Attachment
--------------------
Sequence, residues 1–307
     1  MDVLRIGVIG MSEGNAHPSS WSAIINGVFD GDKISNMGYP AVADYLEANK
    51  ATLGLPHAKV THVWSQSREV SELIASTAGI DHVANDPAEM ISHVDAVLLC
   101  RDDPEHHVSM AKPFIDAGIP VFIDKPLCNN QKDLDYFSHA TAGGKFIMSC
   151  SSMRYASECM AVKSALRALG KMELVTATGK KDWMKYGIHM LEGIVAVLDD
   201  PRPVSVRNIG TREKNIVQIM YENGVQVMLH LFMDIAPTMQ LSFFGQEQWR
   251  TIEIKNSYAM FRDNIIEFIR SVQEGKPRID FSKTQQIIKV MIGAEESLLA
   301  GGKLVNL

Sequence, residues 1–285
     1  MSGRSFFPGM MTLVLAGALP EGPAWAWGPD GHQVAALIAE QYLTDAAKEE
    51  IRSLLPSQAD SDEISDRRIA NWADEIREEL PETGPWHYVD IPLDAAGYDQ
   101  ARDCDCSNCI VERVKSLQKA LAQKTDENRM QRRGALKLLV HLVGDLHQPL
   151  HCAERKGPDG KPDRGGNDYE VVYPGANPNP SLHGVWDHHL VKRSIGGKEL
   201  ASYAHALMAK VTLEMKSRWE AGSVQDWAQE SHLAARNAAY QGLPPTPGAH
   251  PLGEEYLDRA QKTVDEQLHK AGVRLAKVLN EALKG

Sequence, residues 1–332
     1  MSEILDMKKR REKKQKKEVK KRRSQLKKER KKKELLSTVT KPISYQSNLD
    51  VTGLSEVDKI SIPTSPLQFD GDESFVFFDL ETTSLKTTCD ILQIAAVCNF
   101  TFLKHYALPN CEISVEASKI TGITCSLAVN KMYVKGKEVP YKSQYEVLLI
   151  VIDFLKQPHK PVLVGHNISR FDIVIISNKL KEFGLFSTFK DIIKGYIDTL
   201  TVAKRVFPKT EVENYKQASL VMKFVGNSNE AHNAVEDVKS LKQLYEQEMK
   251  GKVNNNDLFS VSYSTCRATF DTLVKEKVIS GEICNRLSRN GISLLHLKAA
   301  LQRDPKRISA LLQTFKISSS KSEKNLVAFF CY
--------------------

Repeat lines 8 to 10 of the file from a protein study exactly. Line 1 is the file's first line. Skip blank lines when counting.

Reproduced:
   301  GGKLVNL

Sequence, residues 1–285
     1  MSGRSFFPGM MTLVLAGALP EGPAWAWGPD GHQVAALIAE QYLTDAAKEE